Gemäldegalerie: Berlin’s finest Old Master paintings

The Gemäldegalerie is one of the world’s foremost museums for painting from the period of the Old Masters. Located in Berlin, Germany, it houses an exceptional collection of paintings from the 13th to the 18th centuries.

The museum was founded in 1830 and was originally housed in the Royal Palace. In 1841, it moved to a new building, the Alte Nationalgalerie, designed by Karl Friedrich Schinkel. The collection was significantly expanded in the late 19th and early 20th centuries, and again after World War II.

A collection of masterpieces

Today, the Gemäldegalerie is internationally renowned for its exceptional holdings of European paintings from the Late Middle Ages to the early modern period. The collection includes masterpieces by artists such as Albrecht Dürer, Lucas Cranach, Hans Holbein, Pieter Breughel, Rembrandt, and Jan Vermeer.

Visitors to the Gemäldegalerie can explore the evolution of European painting from the 13th to the 18th centuries. They can also learn about the different techniques and styles used by the Old Masters. The museum offers a variety of educational programs, including tours, lectures, and workshops.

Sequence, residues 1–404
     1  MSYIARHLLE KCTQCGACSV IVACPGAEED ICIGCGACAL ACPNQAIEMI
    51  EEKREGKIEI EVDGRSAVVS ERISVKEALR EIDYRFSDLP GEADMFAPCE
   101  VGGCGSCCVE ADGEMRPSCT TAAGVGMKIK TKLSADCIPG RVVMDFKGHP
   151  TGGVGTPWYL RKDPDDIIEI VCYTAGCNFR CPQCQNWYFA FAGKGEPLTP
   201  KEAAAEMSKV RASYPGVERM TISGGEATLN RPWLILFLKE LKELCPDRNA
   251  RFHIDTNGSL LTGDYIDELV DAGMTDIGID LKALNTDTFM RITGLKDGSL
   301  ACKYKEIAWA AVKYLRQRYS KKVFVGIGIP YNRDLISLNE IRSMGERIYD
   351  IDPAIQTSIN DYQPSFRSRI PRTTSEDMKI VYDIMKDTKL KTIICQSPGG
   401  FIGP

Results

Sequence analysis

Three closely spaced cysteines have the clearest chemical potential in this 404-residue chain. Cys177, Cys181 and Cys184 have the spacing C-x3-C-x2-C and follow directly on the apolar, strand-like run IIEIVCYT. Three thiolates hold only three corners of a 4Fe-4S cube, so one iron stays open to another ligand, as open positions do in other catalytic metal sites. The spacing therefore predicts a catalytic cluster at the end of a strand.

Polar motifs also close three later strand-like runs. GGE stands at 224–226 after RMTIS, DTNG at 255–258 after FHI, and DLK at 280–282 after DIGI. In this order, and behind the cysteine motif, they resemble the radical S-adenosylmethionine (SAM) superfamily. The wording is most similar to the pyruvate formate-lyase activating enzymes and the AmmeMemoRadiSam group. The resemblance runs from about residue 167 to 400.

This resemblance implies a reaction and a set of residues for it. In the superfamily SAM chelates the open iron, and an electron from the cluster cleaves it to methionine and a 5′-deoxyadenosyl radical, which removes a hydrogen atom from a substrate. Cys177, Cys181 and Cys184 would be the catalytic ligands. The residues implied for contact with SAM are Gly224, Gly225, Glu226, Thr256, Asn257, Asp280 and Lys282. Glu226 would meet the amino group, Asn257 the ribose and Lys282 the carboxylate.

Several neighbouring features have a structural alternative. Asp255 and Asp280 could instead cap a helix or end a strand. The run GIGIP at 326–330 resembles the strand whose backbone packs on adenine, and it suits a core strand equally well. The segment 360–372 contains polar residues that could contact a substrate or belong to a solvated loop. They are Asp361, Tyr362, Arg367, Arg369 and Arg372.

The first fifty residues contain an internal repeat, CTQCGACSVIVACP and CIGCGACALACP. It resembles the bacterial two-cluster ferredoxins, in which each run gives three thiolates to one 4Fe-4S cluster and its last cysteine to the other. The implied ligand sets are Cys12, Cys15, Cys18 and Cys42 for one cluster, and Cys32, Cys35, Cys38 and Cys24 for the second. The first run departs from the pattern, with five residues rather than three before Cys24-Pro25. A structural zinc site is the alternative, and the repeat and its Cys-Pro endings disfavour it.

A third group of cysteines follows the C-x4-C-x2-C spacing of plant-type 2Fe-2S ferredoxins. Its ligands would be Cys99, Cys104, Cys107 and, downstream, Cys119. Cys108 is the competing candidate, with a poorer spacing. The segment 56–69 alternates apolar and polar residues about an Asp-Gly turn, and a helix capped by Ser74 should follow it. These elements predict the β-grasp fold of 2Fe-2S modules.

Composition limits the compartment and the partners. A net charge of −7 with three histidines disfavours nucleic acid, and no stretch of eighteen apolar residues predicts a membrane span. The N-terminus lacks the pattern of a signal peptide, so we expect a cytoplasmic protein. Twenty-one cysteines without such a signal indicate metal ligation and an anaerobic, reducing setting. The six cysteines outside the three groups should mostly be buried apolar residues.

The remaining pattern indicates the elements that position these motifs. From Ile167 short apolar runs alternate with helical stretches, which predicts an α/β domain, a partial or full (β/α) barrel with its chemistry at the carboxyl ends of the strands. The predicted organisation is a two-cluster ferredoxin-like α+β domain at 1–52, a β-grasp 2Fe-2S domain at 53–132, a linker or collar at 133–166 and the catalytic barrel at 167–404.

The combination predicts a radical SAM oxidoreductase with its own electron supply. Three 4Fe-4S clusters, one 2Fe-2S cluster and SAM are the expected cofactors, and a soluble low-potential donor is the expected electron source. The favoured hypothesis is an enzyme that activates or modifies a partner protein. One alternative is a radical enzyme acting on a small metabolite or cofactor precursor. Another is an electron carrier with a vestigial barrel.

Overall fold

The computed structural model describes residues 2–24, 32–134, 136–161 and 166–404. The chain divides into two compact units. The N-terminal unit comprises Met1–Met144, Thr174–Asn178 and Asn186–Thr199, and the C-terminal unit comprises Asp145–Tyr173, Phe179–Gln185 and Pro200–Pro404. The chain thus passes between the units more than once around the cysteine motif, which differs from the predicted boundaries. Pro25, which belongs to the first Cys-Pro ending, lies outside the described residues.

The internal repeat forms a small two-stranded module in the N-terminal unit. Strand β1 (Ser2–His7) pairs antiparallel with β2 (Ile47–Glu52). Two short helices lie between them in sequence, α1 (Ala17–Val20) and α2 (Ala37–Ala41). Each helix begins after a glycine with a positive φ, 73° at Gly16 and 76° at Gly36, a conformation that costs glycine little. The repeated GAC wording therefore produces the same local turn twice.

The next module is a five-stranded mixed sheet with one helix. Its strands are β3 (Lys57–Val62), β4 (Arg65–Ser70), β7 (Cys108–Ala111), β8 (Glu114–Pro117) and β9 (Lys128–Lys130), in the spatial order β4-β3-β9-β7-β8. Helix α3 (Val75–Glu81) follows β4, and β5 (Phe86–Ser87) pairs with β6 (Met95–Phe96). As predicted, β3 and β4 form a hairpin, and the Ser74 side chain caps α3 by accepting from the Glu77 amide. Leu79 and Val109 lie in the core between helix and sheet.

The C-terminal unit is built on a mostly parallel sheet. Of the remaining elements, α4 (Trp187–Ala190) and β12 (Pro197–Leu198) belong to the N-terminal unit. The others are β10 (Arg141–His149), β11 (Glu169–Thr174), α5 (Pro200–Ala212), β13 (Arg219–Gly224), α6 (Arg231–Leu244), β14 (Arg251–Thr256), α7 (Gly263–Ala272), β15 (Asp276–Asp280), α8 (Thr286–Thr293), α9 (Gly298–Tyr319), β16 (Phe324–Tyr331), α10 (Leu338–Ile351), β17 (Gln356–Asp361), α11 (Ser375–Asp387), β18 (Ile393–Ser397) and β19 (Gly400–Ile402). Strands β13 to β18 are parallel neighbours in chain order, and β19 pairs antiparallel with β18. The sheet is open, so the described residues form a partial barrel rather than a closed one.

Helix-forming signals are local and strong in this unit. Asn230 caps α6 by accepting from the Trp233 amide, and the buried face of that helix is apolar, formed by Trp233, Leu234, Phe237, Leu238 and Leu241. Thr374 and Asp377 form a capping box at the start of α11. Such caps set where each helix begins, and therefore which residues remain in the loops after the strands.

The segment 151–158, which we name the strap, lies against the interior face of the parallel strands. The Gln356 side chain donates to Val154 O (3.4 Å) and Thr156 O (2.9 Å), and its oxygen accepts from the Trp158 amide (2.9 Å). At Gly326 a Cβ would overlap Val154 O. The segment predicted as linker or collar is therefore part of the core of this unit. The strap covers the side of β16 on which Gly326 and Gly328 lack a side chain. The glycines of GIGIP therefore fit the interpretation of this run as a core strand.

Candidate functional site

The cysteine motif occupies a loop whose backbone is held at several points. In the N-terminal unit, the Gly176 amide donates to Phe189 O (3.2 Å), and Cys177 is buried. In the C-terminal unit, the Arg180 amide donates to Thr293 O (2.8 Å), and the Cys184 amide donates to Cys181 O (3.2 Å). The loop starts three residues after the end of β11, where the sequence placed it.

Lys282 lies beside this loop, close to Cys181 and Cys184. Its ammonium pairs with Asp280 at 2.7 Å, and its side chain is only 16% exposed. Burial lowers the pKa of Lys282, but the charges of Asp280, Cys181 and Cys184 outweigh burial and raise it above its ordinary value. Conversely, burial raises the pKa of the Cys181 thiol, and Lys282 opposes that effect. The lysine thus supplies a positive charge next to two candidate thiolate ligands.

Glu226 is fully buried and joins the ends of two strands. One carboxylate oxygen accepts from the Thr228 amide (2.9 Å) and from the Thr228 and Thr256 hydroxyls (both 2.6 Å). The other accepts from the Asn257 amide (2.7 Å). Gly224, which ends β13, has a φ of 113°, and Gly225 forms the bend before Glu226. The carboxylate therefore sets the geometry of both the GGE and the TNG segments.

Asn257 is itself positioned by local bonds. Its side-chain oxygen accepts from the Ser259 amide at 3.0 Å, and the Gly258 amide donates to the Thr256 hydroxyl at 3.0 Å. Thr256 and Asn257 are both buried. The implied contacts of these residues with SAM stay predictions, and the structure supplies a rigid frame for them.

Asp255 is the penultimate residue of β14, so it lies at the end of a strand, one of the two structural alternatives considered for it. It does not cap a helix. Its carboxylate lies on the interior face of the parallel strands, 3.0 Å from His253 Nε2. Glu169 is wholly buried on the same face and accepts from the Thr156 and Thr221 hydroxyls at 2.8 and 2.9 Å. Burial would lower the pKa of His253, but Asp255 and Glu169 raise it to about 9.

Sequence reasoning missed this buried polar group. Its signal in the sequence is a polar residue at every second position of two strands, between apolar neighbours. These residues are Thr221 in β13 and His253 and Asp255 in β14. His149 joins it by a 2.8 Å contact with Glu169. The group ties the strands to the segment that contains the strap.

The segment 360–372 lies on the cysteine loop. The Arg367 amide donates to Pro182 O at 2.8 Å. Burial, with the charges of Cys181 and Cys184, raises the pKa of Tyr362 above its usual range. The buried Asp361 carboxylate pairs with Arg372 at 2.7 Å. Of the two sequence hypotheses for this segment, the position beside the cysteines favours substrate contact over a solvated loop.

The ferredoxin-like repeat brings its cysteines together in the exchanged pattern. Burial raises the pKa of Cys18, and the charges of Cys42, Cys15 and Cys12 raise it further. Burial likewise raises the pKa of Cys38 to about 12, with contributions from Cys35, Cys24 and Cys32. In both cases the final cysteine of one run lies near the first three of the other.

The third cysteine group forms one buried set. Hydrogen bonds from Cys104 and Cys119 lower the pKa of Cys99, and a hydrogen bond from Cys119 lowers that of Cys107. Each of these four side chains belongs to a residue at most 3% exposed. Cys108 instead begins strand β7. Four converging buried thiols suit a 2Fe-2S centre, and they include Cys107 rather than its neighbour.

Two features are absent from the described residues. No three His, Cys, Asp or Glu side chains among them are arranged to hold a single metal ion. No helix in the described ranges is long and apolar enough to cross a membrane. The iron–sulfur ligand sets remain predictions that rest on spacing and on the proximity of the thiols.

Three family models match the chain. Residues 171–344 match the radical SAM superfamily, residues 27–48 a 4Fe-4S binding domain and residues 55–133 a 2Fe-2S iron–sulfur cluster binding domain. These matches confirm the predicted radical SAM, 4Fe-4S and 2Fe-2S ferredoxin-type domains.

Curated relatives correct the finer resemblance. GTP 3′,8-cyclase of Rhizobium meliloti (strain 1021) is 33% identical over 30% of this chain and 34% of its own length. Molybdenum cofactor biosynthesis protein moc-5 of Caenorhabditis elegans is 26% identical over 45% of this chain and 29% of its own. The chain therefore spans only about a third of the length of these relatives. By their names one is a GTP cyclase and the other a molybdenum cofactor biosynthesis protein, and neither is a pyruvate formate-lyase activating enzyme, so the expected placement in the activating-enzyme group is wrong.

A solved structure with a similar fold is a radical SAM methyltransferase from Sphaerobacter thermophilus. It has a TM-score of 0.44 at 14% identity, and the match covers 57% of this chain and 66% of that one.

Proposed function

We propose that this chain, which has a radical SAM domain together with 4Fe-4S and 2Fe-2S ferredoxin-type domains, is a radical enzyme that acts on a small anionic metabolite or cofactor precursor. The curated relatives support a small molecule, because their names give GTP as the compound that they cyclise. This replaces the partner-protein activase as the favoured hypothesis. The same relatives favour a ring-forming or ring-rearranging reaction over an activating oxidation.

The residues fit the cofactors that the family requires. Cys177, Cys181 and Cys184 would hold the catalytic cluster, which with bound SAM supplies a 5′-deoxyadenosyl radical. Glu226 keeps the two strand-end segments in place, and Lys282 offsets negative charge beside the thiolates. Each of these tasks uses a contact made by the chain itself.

The Gemäldegalerie is a must-see for anyone interested in the history of art. It is one of the most important museums in Berlin and should not be missed.

How to get to the Gemäldegalerie in Berlin

Located in the Museum Island district, it is easily accessible by public transport. By subway, take Line U6 to the Hackescher Markt stop. The Gemäldegalerie is a short walk from there. If you’re taking the bus, several lines stop near the museum, including the 100 and 200. For those arriving by train, Berlin Hauptbahnhof is the main station and it’s just a 10-minute walk to the Gemäldegalerie.